So, this might be happening at my house next weekend:
The "sous vide" part of sous vide cooking refers to the vacuum-sealed bags that are often called for when you're using the technique. (The French phrase literally means "under vacuum.") However, these days, when someone says "sous vide cooking," they're generally referring to any kind of cooking that takes place in a precisely temperature-controlled water bath, whether you're actually using a vacuum-sealed bag or not.
Sous vide cooking offers unparalleled control over whatever it is you are trying to cook, whether it's steaks and chops, shrimp and lobster, vegetables, or even large cuts of meat like pork shouldersand legs of lamb. With fast-cooking foods, like steaks and chicken breasts, sous vide removes all the guesswork involved in traditional methods. No poking with a thermometer, no cutting and peeking, no jabbing with your finger—just perfect results every single time.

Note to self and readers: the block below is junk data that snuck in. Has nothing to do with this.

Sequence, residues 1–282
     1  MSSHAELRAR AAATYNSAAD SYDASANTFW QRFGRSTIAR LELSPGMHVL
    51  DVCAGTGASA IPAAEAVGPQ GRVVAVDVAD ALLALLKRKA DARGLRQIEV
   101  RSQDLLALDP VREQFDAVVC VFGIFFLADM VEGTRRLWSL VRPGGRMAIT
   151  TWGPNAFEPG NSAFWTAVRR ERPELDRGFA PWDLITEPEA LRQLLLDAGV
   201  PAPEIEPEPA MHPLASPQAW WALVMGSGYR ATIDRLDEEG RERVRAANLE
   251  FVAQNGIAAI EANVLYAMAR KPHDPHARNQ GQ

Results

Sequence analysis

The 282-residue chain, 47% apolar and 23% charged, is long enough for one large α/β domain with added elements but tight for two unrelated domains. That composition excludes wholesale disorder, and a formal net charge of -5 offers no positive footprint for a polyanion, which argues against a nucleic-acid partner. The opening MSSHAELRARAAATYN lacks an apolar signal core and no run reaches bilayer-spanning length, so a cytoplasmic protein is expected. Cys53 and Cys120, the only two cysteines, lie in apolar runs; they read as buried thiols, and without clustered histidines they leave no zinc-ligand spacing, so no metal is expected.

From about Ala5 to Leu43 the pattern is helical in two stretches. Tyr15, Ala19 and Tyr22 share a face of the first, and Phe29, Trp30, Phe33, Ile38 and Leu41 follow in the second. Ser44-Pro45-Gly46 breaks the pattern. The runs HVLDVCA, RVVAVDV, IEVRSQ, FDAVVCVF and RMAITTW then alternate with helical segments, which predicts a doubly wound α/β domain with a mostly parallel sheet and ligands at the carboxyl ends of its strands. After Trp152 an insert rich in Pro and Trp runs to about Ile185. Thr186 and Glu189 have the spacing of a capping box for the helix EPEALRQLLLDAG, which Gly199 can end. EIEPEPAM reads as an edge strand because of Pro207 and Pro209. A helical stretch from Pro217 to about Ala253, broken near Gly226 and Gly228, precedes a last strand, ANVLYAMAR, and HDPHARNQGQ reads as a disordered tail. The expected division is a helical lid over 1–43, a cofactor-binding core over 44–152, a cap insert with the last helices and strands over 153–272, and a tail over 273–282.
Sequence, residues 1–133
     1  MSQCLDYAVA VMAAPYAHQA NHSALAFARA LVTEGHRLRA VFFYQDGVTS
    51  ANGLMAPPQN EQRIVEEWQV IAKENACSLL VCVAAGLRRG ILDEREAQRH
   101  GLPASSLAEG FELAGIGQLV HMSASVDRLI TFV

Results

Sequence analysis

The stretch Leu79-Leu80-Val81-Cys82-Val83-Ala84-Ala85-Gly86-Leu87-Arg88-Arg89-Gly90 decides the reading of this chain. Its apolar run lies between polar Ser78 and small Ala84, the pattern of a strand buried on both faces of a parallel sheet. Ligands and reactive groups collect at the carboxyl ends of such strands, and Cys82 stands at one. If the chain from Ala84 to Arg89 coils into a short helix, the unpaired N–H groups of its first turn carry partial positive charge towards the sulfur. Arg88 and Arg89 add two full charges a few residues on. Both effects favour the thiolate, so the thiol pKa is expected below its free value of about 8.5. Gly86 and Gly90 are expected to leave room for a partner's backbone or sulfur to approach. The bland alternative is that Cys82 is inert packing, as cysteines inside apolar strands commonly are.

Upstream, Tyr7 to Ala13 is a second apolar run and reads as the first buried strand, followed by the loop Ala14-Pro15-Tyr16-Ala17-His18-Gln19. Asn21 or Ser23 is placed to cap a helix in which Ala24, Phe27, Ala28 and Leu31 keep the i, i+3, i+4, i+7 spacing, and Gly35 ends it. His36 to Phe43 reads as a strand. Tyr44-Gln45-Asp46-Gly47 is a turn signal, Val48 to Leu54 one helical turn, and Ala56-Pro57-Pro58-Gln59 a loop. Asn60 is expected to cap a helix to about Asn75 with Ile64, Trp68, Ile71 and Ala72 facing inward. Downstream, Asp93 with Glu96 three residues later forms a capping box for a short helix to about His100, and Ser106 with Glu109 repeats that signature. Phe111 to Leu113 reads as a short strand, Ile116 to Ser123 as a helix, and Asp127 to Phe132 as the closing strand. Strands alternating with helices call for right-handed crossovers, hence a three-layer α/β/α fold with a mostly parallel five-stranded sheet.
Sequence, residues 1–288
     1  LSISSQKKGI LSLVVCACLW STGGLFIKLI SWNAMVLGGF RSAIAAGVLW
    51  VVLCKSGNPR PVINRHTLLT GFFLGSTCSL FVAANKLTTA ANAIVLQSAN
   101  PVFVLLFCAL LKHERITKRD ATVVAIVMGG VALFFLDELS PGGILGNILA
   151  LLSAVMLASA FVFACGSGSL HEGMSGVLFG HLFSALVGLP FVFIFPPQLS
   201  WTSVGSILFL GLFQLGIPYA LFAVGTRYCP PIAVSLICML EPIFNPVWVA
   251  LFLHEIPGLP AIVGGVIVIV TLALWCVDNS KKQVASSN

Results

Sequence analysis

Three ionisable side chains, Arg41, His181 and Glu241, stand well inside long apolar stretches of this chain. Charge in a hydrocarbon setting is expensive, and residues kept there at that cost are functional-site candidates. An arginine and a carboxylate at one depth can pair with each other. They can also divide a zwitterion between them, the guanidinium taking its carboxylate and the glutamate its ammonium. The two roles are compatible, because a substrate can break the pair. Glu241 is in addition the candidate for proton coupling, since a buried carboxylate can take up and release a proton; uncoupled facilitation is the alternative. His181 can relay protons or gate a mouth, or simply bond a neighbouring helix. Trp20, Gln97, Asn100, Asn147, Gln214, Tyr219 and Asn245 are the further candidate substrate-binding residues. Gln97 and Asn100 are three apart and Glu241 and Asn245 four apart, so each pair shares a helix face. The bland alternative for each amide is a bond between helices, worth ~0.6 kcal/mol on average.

A sous vide circulator mysteriously arrived at Inner Drive World Headquarters yesterday. We're going to start with eggs and work our way up to a venison steak. Yum.